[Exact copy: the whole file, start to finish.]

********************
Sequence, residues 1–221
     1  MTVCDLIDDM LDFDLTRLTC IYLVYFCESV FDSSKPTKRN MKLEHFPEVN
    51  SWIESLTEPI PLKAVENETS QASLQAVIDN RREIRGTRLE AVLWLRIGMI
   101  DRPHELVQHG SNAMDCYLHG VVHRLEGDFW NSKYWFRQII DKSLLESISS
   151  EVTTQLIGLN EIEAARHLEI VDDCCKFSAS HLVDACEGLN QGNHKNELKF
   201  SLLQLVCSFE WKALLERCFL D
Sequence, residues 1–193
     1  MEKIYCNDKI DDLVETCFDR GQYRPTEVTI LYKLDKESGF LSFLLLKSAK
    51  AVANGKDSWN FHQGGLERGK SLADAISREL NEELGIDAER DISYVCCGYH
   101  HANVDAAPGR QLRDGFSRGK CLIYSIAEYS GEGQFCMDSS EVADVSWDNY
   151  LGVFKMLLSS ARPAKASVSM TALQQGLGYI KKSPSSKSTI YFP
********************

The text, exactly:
Sequence, residues 1–221
     1  MTVCDLIDDM LDFDLTRLTC IYLVYFCESV FDSSKPTKRN MKLEHFPEVN
    51  SWIESLTEPI PLKAVENETS QASLQAVIDN RREIRGTRLE AVLWLRIGMI
   101  DRPHELVQHG SNAMDCYLHG VVHRLEGDFW NSKYWFRQII DKSLLESISS
   151  EVTTQLIGLN EIEAARHLEI VDDCCKFSAS HLVDACEGLN QGNHKNELKF
   201  SLLQLVCSFE WKALLERCFL D
Sequence, residues 1–193
     1  MEKIYCNDKI DDLVETCFDR GQYRPTEVTI LYKLDKESGF LSFLLLKSAK
    51  AVANGKDSWN FHQGGLERGK SLADAISREL NEELGIDAER DISYVCCGYH
   101  HANVDAAPGR QLRDGFSRGK CLIYSIAEYS GEGQFCMDSS EVADVSWDNY
   151  LGVFKMLLSS ARPAKASVSM TALQQGLGYI KKSPSSKSTI YFP